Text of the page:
This story is Paranormal.

It begins:

In the line to get into Parch, we drove past signs along the pale road which ran through the dried-up lake bed that reminded me of a canvas carried through the dust, spat on by the gods, and wiped off with robes made of thorn. In fact, it was just those gods we were each paying five thousand dollars to see. We hoped they would give us a fashion show some time during that week without water, hoped our very eyes would turn to dust enough that we could blink when the dust storms cleared, and we would see the truth.

I didn’t believe in truth.

One sign said: WHAT IS IN YOUR HEAD IS IN THE GROUND.

The next: OPEN YOUR EYES.

YOUR PUPILS GO STRAIGHT TO YOUR BRAIN.

YOU TURN YOUR WORLD UPSIDE DOWN COMPLETELY WITH YOUR BRAIN.

We knew Parch would turn everything we had ever believed on its head.

Speculative Stories

If you’d like to read any of my relatively straightforward SF, Paranormal Fantasy, and Horror stories, many of these below are free to read at online magazines, and others are in anthologies for purchase at these links.

Partly because I like to think outside convention, I’m a lover of Weird Fiction, which originated before genre rules set in. I’ve picked my most traditional Speculative fiction for this post, but still, some of the stories below are on a bit the edge of their genres, and could be labeled Weird as well as the designations I have given them. I have a couple hundred stories published in magazines and anthologies, and a lot are in Interstitial styles, between Speculative and Literary, with elements of both, such as Slipstream, Magical Realism, Surrealism, New Wave Fabulism, and Weird: I link to over 80 of the Interstitial ones HERE. Looking through them might be useful for people wanting to understand those genres better, to get a sense of what they’re like.

I only write to be read, never just for my own enjoyment. A story isn’t a thing until it’s completed by the readers. I always feel gratitude for my narratives’ completion in readers’ brains’.

Ocularity SF

The Coveted General Anzel Smile SF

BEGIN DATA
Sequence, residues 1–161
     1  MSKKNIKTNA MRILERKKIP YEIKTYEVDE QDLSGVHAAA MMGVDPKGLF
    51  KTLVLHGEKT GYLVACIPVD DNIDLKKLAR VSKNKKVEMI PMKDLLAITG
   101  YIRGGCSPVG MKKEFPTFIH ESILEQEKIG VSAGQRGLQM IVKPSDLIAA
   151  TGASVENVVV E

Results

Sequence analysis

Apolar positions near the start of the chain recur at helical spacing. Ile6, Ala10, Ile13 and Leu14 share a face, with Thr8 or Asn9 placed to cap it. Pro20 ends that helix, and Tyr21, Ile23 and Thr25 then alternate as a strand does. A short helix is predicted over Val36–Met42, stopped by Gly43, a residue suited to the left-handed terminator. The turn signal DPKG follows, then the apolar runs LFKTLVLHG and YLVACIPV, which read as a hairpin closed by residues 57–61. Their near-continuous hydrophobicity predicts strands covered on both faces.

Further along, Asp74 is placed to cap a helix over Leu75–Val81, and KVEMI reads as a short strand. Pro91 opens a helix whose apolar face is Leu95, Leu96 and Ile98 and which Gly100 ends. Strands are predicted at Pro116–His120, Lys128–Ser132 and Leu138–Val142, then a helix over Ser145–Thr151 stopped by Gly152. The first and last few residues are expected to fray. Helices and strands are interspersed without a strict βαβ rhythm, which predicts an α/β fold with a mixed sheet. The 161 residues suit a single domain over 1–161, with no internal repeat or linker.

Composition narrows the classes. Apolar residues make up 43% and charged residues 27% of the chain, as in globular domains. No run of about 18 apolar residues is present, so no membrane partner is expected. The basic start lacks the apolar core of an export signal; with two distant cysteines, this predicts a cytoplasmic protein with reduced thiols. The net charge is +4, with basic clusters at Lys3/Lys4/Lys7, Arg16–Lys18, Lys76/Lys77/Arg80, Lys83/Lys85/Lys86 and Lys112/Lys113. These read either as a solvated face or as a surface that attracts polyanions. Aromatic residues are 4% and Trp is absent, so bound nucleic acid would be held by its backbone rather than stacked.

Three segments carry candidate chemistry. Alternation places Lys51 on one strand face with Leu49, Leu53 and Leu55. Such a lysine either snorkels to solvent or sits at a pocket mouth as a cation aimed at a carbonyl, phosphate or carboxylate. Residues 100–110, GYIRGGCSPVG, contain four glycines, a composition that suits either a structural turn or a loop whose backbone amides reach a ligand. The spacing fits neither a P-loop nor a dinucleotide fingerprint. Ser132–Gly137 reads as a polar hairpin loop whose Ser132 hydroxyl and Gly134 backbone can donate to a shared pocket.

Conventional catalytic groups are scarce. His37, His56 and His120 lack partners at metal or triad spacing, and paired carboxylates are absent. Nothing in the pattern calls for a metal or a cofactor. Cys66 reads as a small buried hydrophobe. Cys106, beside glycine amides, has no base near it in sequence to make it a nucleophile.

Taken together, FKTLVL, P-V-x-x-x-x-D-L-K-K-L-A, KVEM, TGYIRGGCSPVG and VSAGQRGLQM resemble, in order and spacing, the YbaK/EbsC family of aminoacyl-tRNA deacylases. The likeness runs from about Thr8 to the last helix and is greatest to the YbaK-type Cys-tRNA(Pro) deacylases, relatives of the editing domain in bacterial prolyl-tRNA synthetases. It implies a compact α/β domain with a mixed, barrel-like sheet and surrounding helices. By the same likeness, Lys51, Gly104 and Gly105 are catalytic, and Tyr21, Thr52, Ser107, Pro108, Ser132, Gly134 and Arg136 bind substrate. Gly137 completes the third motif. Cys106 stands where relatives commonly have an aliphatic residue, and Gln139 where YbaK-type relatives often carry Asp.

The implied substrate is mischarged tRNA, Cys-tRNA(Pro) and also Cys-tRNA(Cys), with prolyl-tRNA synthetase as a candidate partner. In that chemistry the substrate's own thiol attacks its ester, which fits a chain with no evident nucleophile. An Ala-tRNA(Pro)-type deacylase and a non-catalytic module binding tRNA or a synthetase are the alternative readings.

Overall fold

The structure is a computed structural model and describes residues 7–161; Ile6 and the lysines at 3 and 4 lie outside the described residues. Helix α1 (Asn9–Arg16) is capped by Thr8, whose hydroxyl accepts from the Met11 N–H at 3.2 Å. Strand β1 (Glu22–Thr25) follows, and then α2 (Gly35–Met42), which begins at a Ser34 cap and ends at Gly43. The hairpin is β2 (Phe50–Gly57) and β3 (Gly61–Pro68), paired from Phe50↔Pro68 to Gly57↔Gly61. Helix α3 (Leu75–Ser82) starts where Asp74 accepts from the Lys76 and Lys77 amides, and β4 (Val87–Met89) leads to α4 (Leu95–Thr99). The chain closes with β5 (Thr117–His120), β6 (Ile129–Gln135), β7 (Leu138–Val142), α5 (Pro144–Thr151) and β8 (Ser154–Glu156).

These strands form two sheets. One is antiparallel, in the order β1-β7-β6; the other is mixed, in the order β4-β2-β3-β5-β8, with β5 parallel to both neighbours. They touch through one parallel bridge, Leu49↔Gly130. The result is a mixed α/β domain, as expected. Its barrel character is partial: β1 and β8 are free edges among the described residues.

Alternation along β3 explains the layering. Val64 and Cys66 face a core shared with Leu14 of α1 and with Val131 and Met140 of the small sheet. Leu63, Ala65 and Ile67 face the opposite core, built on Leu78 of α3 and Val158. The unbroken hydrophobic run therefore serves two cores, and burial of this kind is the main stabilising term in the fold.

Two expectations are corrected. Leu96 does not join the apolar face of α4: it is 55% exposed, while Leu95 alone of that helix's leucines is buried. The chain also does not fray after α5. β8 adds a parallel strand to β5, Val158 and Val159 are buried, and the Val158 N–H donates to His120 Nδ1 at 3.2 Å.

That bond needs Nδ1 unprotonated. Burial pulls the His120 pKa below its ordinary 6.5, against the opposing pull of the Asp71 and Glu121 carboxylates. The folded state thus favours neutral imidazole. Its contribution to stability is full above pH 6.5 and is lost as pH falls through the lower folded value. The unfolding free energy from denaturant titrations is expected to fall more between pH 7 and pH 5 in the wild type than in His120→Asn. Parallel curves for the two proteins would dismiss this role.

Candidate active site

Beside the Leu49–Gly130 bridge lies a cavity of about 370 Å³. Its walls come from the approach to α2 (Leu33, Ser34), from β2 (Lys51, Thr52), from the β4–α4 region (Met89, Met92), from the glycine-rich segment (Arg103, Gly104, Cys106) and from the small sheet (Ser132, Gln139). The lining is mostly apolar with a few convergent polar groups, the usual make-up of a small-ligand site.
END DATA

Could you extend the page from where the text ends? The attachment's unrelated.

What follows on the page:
Origami Mafia Story Unfolds SF

Breaking the Seal SF

Printed People Eaters SF

Eye Poison Horror

Mask of Sleep Horror

Two-Faced Horror

To Explain the Sasquatch Sitter Paranormal

Mirror Tattoo Paranormal

Projection Theater Paranormal

My SF story nominated for Pushcart Prize

My SF story, “Printed People Eaters,” was chosen as the narrative from the Conspiracy themed print and e-book anthology, Redacted Story, to be nominated for the Pushcart Prize. This is my 6th Pushcart Prize nomination.

The great Ashley Parker Owen‘s KY Story publishing house brings Appalachian authors to print. My mother’s family homesteaded on Sand Mountain, rural northeast Alabama, and I spent a big part of my life living there, loving the land, animals, trees, relatives, down-to-earth ways. My Great Grandparents moved there after Sherman destroyed their farm in Georgia. Some of the family stayed in Georgia (and eventually gave birth to Jimmy Carter, my third cousin.) My Grandparents both died young, leaving Mama and her siblings orphaned as children, raised by their aunts and uncles, most of which remained single all their lives. I was there a year and a half recently for the end of Papa’s life, but we lost the land due to theft by a con artist, which broke my heart. It will remain in my heart. I keep a piece of my friend– one of the old oak trees that was there when it was homesteaded — by my bed.

The anthology has a 5 star rating on Amazon. I have a second story in it as well.

KY Story’s other publications’ nominations: Appalachian Voice: John Vanderslice, “Escape to Ash,” John Sparks, “Fishing with Abraham,” Tom Sheehan, “Sixty Years Later at a Mid-Earth Pub.” Motherlode: “Oren Hammerquist,” “Desert Daddy,” Treg Isaacson, “Growing Up or Not.”

KY Story is current taking submissions about Bullying for an anthology, deadline Feb. 25th 2015.

Origami Mafia Story Unfolds

Though the American Psychological Association reported in 2008 that the Zero-Tolerance policies set into motion in 1994 do not contribute to making schools safer, in 2013, children began being suspended and arrested for imaginary guns. Some of the offences included pointing a breaded chicken finger at a teacher, playing cops and robbers with a paper gun, throwing an imaginary grenade while pretending to be a soldier, owning a pink toy gun that blows soapy bubbles, writing about killing a dinosaur using a gun, threatening other kids with a toy gun of rolled-up paper, drawing a picture of a gun when the teacher said to look up at the clouds and draw what they saw, twirling a pencil in class, chewing a strawberry Pop Tart into the shape of a gun, molding a pastry into what a teacher decided looked like a gun, and talking about toy guns to classmates.

SF story, Origami Mafia Unfolds, as News from the Future, at The Subtopian.

Eye Poison

Weird Horror story, Eye Poison, in No Sight for the Saved Anthology, print and e-book. “”Surreal journeys through landscapes of the angry and abandoned, the lost and lonely and the weak and wounded. These are the realms of the Dead End Collective.” The horror art of Niall Parkinson is used for inspiration for the short stories and poetry included in this anthology. This fully illustrated anthology is a wonderful collection of horror fiction inspired by horror art. Seeing is believing, and horror awaits.”

In the story, the family’s repressions begin to take shape.